My paper will examine the nature of Japan’s trade with the US over the Pacific from the 1910s to the 1920s. In order to do so, I will investigate the changing characteristics of trade commodities and sailing routes between Yokohama and Kobe on the one hand, and San Francisco and Los Angeles on the other.
The reasons for this research are twofold; first, there are no studies which focus on these specific trade commodities and routes, although there are some classical studies such as Walter LaFeber’s “Clash” and Irye Akira’s “Across the Pacific” which refer broadly to the US-Japanese trade. Secondly, my paper will show the influence of major historical events on both countries’ trade relations, such as the opening of the Panama Canal, WWI, the Great Kanto Earth Quake etc.
Regarding the commodities, my paper will focus on raw silk as Japan’s chief export goods to the US and raw cotton and crude oil as the US’s major export goods to Japan. For the trade routes, the paper will also take the New York route via the Panama Canal into consideration, although it will mainly elaborate on the routes to the US West coast. From Japan, it is particularly important to see the change in roles that Yokohama and Kobe played in this trade due to the Kanto earthquake which devastated the port of Yokohama.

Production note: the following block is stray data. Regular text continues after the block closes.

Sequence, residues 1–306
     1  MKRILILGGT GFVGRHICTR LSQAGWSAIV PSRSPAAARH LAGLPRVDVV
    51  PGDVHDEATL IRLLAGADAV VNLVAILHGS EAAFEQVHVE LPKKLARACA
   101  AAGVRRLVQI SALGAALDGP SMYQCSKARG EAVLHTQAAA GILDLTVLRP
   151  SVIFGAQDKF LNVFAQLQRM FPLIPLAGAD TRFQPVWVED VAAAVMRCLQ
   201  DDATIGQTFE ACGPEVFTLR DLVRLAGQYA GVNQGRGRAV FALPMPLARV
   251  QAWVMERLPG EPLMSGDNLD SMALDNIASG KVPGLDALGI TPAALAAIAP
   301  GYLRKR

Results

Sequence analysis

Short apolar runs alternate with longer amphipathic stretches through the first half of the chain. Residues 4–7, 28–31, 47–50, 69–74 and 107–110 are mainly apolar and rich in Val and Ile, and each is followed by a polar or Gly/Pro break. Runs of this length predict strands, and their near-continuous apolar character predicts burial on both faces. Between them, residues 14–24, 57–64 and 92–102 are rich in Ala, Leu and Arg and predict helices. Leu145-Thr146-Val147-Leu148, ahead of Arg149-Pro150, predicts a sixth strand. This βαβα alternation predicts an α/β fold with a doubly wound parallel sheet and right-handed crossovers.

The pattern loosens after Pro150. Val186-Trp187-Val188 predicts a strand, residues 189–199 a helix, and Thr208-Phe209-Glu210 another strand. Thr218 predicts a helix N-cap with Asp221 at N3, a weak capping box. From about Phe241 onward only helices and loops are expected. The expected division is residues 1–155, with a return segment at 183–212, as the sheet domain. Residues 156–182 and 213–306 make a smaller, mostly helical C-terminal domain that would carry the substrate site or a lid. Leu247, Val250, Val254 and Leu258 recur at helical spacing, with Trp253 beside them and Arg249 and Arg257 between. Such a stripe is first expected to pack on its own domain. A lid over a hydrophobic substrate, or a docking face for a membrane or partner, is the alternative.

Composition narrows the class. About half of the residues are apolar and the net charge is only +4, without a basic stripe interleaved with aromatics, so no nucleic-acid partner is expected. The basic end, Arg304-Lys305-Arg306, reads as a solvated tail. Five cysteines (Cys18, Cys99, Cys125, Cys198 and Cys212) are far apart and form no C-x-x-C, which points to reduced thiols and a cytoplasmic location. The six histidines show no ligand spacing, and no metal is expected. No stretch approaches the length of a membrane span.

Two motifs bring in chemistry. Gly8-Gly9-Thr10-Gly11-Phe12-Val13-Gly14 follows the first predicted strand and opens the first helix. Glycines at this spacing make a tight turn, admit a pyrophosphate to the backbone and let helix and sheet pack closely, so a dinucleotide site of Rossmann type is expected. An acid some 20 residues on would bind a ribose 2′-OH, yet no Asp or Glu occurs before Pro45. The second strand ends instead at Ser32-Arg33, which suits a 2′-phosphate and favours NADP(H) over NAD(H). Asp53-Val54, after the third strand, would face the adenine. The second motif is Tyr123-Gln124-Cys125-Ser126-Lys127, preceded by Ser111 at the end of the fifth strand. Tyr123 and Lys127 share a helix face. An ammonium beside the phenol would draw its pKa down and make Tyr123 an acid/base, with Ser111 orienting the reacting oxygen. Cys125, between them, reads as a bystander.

Therefore, my paper will consider the nature of US-Japanese trade through the major events that affected trade commodities and routes over that time.